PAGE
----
What are Condoms?
Condoms are the only contraception that can prevent pregnancy and protect against sexually transmitted infections (STIs).
The two types include:
- external condoms: these are worn on the penis
- internal condoms: these are worn inside the vagina
This article explores external condoms and describes how they work and other information.
What Types of Condoms Are There?
There are many types of external condoms, including:
- Latex, plastic, or lambskin: Many people use latex condoms; however, if you’re sensitive or allergic to this material, you can use plastic ones (made of polyurethane or polyisoprene). Latex and plastic condoms effectively protect people from STIs during vaginal, oral, and anal sex. Natural or lambskin condoms are created of material derived from lamb intestines. They can also prevent pregnancy, but they have small openings. In other words, they won’t protect you from STIs.
- Lubricated: Lubricated condoms feature a thin coat of liquid. They can prevent pain and irritation during sex and keep it from breaking. You can always add lube to a condom to make the experience more comfortable. Remember that you’ll want to use a water-based product – those are better for sexual activity. Oil-based lubricants like petroleum jelly can ruin the condom and prevent it from working.
- Spermicide-coated: These types of condoms contain a chemical called nonoxynol-9 that kills sperm. They may lower the risk of pregnancy, but the amount of spermicide on the condom may not be enough to make a difference. For extra protection, you can add a separate sperm-killing product. However, nonoxynol-9 can irritate your genitals and put you at a higher risk of contracting HIV.
- Textured condoms: These condoms feature ribbed and studded types. They intend to increase the pleasure for you or your partner.
You may have also seen glow-in-the-dark ones or other novelties. Proceed with caution: These kinds of condoms aren’t often FDA-approved and may not be as effective in preventing pregnancies or STIs. Please read the package and make sure it says that it protects against both.
Currently, there’s only one type of internal condom with FDA approval for use in the United States. It contains nitrile, a latex-free, human-made rubber, and comes pre-lubricated.
How do you use a condom?
To gain maximum protection by using condoms, they must be used correctly and consistently.
Keep in mind: the failure of condoms to protect against STI/HIV transmission is usually from inconsistent or incorrect use instead of product failure.
Here are some notable facts:
- Inconsistent or nonuse of condoms can lead to STI acquisition because transmission can occur during a single sex act with an infected partner.
- Incorrect use reduces the protective features of condoms due to condom breakage, slippage, or leakage. In addition, incorrect use entails failing to use condoms during the entire sex act, from the beginning of sexual contact to the end.
Methods of Using a Condom Consistently and Correctly
Here is how you can use a condom consistently and correctly:
- Use a new condom during every act of sex (including vaginal, anal, and oral) throughout the entire sex act. Before any contact through the genitals, put the condom on the tip of an erect penis with the rolled side out.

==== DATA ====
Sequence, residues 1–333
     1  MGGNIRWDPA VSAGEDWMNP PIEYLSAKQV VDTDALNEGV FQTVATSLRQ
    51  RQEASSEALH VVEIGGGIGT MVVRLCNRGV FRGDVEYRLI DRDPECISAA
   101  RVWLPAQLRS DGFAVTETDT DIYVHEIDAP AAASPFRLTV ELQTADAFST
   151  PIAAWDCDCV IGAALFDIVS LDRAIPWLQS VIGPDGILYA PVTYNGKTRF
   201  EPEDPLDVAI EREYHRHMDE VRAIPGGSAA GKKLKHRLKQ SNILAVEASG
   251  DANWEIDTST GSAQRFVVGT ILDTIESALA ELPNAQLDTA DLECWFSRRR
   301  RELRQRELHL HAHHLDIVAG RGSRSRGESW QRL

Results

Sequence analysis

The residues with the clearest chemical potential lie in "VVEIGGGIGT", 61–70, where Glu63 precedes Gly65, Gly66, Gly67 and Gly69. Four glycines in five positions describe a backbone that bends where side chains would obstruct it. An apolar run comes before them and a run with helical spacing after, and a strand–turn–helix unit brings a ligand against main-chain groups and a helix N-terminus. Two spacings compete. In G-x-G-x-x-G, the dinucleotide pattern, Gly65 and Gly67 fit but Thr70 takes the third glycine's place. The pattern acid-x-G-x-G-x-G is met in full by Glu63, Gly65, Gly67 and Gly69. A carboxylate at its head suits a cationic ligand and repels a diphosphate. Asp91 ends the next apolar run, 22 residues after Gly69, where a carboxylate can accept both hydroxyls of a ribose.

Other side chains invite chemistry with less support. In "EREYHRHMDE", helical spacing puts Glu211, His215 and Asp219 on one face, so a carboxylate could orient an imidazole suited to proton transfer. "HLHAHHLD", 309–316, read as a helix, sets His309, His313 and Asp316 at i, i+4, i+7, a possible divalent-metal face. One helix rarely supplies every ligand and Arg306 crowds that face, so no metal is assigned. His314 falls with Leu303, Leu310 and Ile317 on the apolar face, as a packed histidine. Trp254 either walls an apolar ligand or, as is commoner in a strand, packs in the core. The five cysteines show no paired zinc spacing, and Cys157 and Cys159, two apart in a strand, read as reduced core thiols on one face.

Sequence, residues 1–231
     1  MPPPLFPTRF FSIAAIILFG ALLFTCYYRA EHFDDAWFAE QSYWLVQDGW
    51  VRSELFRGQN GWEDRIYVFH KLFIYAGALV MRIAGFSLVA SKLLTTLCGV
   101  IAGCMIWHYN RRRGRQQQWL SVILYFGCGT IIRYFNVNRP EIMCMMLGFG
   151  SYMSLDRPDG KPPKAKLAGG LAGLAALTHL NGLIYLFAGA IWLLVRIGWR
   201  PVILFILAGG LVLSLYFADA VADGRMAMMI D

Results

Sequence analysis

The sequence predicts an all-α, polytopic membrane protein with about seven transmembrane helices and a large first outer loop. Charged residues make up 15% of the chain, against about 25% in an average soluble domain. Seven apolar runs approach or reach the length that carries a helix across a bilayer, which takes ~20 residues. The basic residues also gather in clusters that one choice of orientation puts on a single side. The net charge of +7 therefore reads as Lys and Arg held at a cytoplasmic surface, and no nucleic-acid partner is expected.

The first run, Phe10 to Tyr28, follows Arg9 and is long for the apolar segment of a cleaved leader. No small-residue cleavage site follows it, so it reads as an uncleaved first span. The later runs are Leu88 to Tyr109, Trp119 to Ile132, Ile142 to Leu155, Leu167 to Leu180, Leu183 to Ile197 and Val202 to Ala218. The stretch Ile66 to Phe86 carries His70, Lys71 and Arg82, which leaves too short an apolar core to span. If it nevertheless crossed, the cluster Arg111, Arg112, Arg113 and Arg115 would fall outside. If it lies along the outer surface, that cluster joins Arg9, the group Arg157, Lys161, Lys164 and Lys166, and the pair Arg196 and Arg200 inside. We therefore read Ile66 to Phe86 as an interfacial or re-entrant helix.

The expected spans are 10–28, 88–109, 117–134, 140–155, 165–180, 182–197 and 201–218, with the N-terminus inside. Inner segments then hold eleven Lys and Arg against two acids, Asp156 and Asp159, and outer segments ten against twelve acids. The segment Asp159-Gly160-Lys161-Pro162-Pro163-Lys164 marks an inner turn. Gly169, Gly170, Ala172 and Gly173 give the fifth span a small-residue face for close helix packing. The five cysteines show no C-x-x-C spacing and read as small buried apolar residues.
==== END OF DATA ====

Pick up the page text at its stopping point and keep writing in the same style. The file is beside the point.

- If it does not feature a reservoir tip, you can pinch the tip to leave a half-inch margin for semen to collect. Now by holding the tip, unroll the condom down to the base of the erect penis.
- After ejaculation and before the penis goes soft, grip the rim of the condom and withdraw it carefully. After this, gently pull it off the penis, ensuring semen doesn’t spill.
- Wrap the condom in a Kleenex or tissue and throw it in the trash bin where others won’t touch it.
- If you notice the condom break during sexual activity, stop immediately and withdraw. Then, remove the broken condom, and put on a new one.
- Ensure adequate lubrication is used during vaginal and anal sex. As previously mentioned, water-based lubricants work best.
Are condoms effective against pregnancy?
If you use condoms perfectly every time you engage in sex, they are 98% effective at preventing pregnancy. However, not everyone will use them properly every time; in this case, they will be about 87% effective. In other words, 13 out of 100 people who use condoms will get pregnant yearly.
The more careful you are about using them properly every time during sexual activity, the more effectively they’ll work. However, everyone is human and can make mistakes, so there’s always a slight chance you will get pregnant even if you use them correctly.
Can you make them more effective?
The most surefire way to make condoms work as effectively as possible is to use them correctly every time you engage in sexual activity. Therefore, it is essential to wear it the entire time you are having sex. In addition, you must ensure the condom is rolled on your penis correctly before any skin-to-skin genital contact.
Using condoms with another form of birth control is an excellent way to get extra prevention for pregnancy.
Never wear two condoms simultaneously, or use an external condom with an internal condom. Condoms are made to be used independently, and doubling up may increase their chances of breaking. So, only use one at a time. If you use it correctly, one condom is all your required protection. In addition, check the expiry date on your condom wrapper or box and ensure they are still safe to use.
Using condoms is an effective way to prevent pregnancy and STIs. For more resources, check out our LGBTQ+ Lifestyle Guide and our other resources.